Obesity crisis threatens to increase strokes and heart disease, reversing a 50-year downward trend

Study shows UK has highest levels of obesity across Europe and beyond

Alex Matthews-King
Health Correspondent
Tuesday 28 November 2017 00:57 GMT
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Obesity in wealthier nations is already resulting in a plateau in the long-term decreases i nCVD deaths
Obesity in wealthier nations is already resulting in a plateau in the long-term decreases i nCVD deaths

Deaths from heart disease and strokes in the UK are set to rise because of the obesity epidemic, threatening to reverse a downward trend stretching back over the past 50 years, a major report warns today.

British men are the most obese across Europe, the Middle East, Russia and North Africa, the study finds, while only Turkey had a higher proportion of obese women.

The UK also has low levels of physical activity and high levels of drinking, and the paper warns the gains made in tackling heart disease risk being “eroded by the obesity epidemic”.

With child obesity rates also spiralling the report warns the downward trend in heart disease deaths is already levelling off among the younger generation.

The Labour Party told The Independent cuts to public health and education budgets have exacerbated problems and were a sign of the Government's "utter failure" to grasp the severity of the public health crisis.

UK deaths from cardiovascular disease (CVD) more than halved in a generation driven significantly by reductions in harmful lifestyle habits, like smoking.

While CVD still claims around four million lives across Europe each year, in the UK it has been overtaken by cancer as the number one killer.

The Cardiovascular Disease Statistics 2017 report, published in the European Heart Journal today, found:

  • Britain is the most obese nation, with 26.9 per cent of men reported as clinically obese, and 29.2 per cent of women;
  • The UK ranks tenth for binge drinking, with 27.1 per cent of reporting drinking heavily in the last 30 days, out of 47 countries;
  • Forty per cent of adults are insufficiently active, the third highest out of 36 countries who reported data;
  • And, despite its obesity levels the UK is in the bottom quarter of countries when it comes to vegetable consumption, eating less than a third of 311kgs consumed each year by the average Armenian.

But Britain also has some of the lowest rates of smoking and high blood pressure of all the countries in the report.

While the UK ranks alongside Ireland for the proportion of the population with clinically high levels of cholesterol, since 2014 the NHS has been widely prescribing cholesterol-lowering statins to older patients to reduce these deaths further.

These trends have driven major declines in the number of people dying from a heart attack or stroke.

But the report adds: “The erosion of these health gains by the obesity epidemic and Type 2 diabetes, however, is a tragedy waiting to happen and already there are concerns about plateauing of cardiovascular mortality rates in younger adults.”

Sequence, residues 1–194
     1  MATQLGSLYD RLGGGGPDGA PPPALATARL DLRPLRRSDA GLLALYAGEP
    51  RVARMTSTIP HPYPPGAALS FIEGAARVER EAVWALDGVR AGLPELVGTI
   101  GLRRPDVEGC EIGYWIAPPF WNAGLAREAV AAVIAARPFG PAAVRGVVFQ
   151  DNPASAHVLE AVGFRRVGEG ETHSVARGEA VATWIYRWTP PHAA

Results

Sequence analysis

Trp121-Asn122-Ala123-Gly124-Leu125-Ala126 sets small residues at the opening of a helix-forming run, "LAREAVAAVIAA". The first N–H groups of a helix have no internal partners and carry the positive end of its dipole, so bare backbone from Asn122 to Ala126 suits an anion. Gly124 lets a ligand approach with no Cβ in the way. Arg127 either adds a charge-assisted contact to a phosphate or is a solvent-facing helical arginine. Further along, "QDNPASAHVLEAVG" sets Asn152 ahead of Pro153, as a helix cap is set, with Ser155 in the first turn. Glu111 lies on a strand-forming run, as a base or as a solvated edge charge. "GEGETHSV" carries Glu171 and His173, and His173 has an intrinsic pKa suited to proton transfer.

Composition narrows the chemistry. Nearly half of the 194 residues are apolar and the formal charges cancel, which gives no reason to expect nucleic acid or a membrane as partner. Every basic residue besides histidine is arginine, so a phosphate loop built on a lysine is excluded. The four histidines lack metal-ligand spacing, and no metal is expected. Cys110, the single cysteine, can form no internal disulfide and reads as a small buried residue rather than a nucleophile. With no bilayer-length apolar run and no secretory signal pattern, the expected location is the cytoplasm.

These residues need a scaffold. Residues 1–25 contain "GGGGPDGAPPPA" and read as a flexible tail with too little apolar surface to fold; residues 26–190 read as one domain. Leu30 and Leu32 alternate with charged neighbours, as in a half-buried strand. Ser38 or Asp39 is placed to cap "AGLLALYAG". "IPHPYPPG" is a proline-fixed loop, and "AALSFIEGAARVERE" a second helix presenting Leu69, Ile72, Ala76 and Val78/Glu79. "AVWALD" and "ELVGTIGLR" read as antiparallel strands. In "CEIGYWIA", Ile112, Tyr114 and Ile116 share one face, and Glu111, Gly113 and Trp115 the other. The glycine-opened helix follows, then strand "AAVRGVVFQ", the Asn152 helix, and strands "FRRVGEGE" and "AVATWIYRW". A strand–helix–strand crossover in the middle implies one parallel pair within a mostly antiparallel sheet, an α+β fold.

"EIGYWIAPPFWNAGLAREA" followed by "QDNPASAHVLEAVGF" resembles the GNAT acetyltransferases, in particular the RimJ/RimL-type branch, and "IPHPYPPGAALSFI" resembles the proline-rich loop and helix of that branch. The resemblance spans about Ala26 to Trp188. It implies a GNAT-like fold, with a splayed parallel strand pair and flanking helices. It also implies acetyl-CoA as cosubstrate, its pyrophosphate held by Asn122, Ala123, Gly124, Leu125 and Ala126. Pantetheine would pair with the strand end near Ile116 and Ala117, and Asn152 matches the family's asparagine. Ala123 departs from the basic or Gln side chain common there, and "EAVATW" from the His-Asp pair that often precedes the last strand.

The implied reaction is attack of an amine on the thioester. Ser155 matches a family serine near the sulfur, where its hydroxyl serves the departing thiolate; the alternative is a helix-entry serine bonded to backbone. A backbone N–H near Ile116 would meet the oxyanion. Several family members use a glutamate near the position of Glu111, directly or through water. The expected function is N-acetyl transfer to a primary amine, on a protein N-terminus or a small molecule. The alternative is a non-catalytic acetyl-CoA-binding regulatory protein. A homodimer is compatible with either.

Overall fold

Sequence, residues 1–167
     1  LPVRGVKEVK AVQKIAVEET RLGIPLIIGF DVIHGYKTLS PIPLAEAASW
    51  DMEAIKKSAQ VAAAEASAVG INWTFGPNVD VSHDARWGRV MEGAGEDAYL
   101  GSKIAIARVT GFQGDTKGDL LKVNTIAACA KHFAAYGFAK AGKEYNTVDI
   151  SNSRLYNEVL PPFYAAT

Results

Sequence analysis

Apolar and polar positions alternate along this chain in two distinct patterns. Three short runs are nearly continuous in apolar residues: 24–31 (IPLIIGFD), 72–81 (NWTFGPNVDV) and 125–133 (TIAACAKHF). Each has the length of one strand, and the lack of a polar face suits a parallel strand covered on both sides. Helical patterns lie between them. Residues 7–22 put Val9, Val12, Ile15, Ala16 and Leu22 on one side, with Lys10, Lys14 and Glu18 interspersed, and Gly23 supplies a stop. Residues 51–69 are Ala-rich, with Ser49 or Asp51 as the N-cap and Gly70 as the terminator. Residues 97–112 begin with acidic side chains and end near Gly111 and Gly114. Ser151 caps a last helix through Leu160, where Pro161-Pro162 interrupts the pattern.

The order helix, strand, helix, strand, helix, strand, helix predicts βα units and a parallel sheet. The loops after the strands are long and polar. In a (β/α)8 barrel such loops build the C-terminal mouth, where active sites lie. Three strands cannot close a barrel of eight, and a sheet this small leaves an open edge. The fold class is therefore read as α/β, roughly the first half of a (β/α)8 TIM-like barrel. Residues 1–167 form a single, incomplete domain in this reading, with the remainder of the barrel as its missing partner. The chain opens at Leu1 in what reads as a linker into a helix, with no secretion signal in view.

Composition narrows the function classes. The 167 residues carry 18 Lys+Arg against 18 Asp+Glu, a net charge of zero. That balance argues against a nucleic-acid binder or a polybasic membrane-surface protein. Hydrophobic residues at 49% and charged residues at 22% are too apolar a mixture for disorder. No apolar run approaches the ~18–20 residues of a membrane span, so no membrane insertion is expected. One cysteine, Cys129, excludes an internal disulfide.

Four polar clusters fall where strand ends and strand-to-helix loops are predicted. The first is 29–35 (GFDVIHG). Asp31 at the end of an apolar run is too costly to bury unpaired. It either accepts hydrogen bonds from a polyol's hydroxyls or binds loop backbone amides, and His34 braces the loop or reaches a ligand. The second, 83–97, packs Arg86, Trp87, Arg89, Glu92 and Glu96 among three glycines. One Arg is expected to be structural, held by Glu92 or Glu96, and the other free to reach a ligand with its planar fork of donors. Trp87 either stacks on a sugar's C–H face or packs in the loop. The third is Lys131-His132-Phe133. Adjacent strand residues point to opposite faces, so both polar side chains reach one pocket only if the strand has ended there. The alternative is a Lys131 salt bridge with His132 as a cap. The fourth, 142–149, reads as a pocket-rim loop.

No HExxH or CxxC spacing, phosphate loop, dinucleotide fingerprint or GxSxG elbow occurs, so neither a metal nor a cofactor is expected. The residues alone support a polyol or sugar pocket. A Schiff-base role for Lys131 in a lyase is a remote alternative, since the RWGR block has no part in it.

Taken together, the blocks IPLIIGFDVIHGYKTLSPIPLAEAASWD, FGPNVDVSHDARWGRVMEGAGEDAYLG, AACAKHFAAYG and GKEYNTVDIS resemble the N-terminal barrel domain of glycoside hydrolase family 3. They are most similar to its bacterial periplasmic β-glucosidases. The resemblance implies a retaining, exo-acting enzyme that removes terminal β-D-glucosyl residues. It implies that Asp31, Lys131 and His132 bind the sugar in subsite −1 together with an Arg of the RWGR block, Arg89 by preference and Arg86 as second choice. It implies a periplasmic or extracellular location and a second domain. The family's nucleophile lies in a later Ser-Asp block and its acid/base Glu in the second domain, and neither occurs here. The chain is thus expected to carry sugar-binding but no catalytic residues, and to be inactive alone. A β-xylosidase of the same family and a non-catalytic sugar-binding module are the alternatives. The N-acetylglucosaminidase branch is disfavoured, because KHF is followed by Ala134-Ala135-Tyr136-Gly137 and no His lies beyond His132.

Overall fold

The UK performs better than most countries in this report on the prevalence of diabetes, it affects 3.9 per cent of people against an average of 5.8 per cent in other high income countries.

Despite this, diabetes already costs the NHS around £1m an hour, about one tenth of its total annual budget, and public health officials have warned it will bankrupt the NHS if the trend continues.

Ninety per cent of UK diabetics have Type 2 diabetes, which is caused by obesity and poor diet and can be sent into remission by losing weight.

This is the area where obesity can undo improvements in heart health, according to lead author Dr Adam Timmis from Barts Heart Centre, Queen Mary University of London.

He said: “Heart disease still remains the leading cause of death for middle income countries, while declines in high-income countries mean that cancer deaths have now become more common there.

"But this downward trend for high-income countries is being threatened by the emerging obesity epidemic that is seeing rates of diabetes increase almost everywhere."

Being overweight damages the heart's function as well.

Chair of the National Obesity Forum chair Tam Fry said the UK will not maintain its improvements without tackling "the real killer" in this research.

"To have over 5% higher obesity levels than any other European country is truly appalling and the researchers are correct in fearing worse statistics in the years to come".

"Increased levels of cholesterol, drinking and sedentary lifestyle will see to that," he warned.

Professor Sir Nilesh Samani, Medical Director at the British Heart Foundation, said the findings were a powerful reminder that CVD remains a "huge killer" in the UK, and a killer of women in particular despite "too often being perceived as a 'man's disease'".

“The high prevalence of adult obesity in the UK is particular concerning as, thanks to BHF research, we now know that being overweight or leads to damaging changes in the heart’s structure," Dr Samani said.

Jonatan Ashworth, Labour’s Shadow Health Secretary, said Labour would protect public health spending where his predecessor has failed

He told The Independent: “The escalating obesity crisis is one of the most urgent public health challenges facing our country.

“However, this Government’s devastating cuts to public health and education budgets, alongside their watered down obesity strategy, demonstrates their utter failure to grasp the gravity of this situation."

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